Back Blast is the fifth in the Gray Man series about a former black ops “soldier” who for some reason the United States’ intelligence leadership wants eliminated. With the threat of terminate-on-site hanging over his head, he does the only logical thing…he returns to America to face the threat and find out why his life is threatened. You would think that his enemies would be thrilled about his return to the states, but they know that the Gray Man is the best at his craft and that craft is gathering intelligence and killing.
“Since gas is slightly cheaper than cheap motels, I spend a lot of time driving lonely roads at dark hours. As always, I tell myself that I will sleep later, as if a long hibernation is waiting just around the corner. The truth is that I nap a lot but rarely sleep and this is unlikely to change. I have saddled myself with the burdens of innocent people rotting away in prison while rapists and murderers roam free. Duke Russell was convicted in a backwater redneck town where half the jurors struggle to read and all were easily misled by two pompous and bogus experts…”
Imagine that you’re a witch. Not that you’re a mean person, but really a witch. You didn’t grow up being a witch. You didn’t even know that you were one until your long lost mother dropped this bomb on you from her deathbed. “She did it to protect you!” Talk about life-altering! Oh and you’ve been hired to solve a murder mystery.
“Stranahan heaved the body into the Seacraft and took the boat out into the Biscayne Channel. There he pushed the dead guy overboard, tossed the pistol into deep water, rinsed down the deck, dove off the stern, and swam back toward the stilt house. In fifteen minutes his knees hit the mud bank, and he waded the last seventy-five yards to the dock. That night there was no sunset to speak of, because of the dreary skies, but Stranahan sat on the deck anyway. As he stared out to the west, he tried to figure out who wanted him dead, and why. He considered this a priority.”
A World Undone is an in-depth book about World War I. Not just the battles, but the cause, how it should have been prevented and the shear number of mistakes made by both sides to snatch losses from sure victories. I have a personal interest in this war as both of my grandfathers fought. I regret not asking them about their experiences, but like most veterans, they rarely (actually never) talked about the war. My paternal grandfather emigrated here in the early 1900’s. The story is that when he went back home to visit, he was conscripted to fight. It took us a while to figure out that he actually did fight on our side. He survived, came back and NEVER went back to the “Old Country.” My maternal grandfather had to have a lung removed when he was in his sixties and I now wonder if that cancer was caused by the lingering effects of being gassed during the war.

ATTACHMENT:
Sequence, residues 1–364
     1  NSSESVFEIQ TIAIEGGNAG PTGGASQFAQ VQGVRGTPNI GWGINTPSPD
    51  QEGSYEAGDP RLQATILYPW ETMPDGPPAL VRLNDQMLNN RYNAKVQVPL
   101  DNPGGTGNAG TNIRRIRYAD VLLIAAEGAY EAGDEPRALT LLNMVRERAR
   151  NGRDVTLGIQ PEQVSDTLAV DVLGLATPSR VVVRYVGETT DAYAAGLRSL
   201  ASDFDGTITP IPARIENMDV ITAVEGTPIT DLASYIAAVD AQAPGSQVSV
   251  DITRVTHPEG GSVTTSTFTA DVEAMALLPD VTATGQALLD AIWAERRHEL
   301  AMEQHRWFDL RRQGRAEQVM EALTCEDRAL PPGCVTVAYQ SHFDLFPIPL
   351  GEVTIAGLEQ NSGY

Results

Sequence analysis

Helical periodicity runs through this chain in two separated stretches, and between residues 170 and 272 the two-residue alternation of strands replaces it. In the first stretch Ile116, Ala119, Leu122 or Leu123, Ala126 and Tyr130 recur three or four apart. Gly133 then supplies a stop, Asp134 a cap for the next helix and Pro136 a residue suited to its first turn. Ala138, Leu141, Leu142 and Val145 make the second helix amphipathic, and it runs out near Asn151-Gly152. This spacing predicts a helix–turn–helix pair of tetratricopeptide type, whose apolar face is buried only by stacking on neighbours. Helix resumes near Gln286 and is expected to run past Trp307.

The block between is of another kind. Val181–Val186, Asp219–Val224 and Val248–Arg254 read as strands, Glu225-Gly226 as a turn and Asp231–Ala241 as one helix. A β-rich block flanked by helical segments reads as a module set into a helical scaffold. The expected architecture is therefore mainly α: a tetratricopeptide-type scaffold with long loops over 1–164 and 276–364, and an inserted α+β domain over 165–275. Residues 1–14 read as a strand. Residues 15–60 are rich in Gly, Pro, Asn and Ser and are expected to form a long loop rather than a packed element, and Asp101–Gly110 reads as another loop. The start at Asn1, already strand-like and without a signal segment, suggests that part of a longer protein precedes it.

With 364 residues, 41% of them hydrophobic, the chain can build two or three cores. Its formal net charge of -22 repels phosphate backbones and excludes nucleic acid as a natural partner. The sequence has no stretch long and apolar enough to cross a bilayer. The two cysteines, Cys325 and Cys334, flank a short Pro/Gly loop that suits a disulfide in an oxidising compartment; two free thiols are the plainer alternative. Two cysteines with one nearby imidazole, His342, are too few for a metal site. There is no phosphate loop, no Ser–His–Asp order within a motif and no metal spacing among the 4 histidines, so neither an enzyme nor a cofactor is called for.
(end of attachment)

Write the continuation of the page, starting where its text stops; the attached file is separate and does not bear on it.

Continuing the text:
“Maybe. But now you have a choice, and I’m asking you as your friend, and as the leader of the army – take this battle to the miscreants behind most of our suffering. We’re in a unique position with a bunch of victories under our belt, and this will only build from here. But it needs a strong vision…and someone to follow.” Art closed his eyes. When he opened them again, they were pleading. “You’re that man, Lucas, like it or not. I hate to play the last request card if I can avoid it, but I will if I have to.”
“When you cross the Piscataqua River Bridge from New Hampshire’s abbreviated, novelty coastline into Maine there is a sign at the border that says “MAINE,” and beneath that, “VACATIONLAND.” It also says “VACATIONLAND” on the license plates. This is either a cruel joke, or maybe simply an error. It may be that Maine is called Vacationland because when Maine was invented, we didn’t really know what a “vacation” was yet.
Think about a book full of facts that you neither care about nor gain much in the way of useful knowledge after having read it. Like a “bathroom reader” for folks who have an interest in history. Perhaps if you’re training for Jeopardy this book would help. The subjects are so scattered and so little time is spent on any subject, that I found the book unenjoyable except for a few excerpts:
Legion is the eighth in Russell Blake’s Day After Never post-apocalyptic dystopian thrillers. The earth has been ravaged by a killer virus and the lawless have taken over. These novels cover the happenings in the West and Midwest as rival gangs struggle to control the cowered populace. There are a few who stand against the cruelty.
“Sierra blinked back her tears and looked away. “I missed you, Lucas. I don’t want to spend my life missing you. Is that too much to ask?” Lucas squeezed her hand. “I missed you too, Sierra. And no. That’s reasonable,” he said, and it was his turn to look away, his face drawn and his expression fatigued. “Only we don’t live in a reasonable world. At least, not yet.”
Christopher McDougall is a masterful storyteller. His stories, however, are jammed full of research about the human body and our remarkable ability to do (endure) great things. Sherman is a rescue donkey that McDougall found near where he lives. Not expected to even live, Sherman proves that his is “The Donkey with the Heart of a Hero.” Soon after saving the donkey’s life, a plan is hatched to race Sherman in a grueling race in Colorado. Oh and he has around a year to train the critter.
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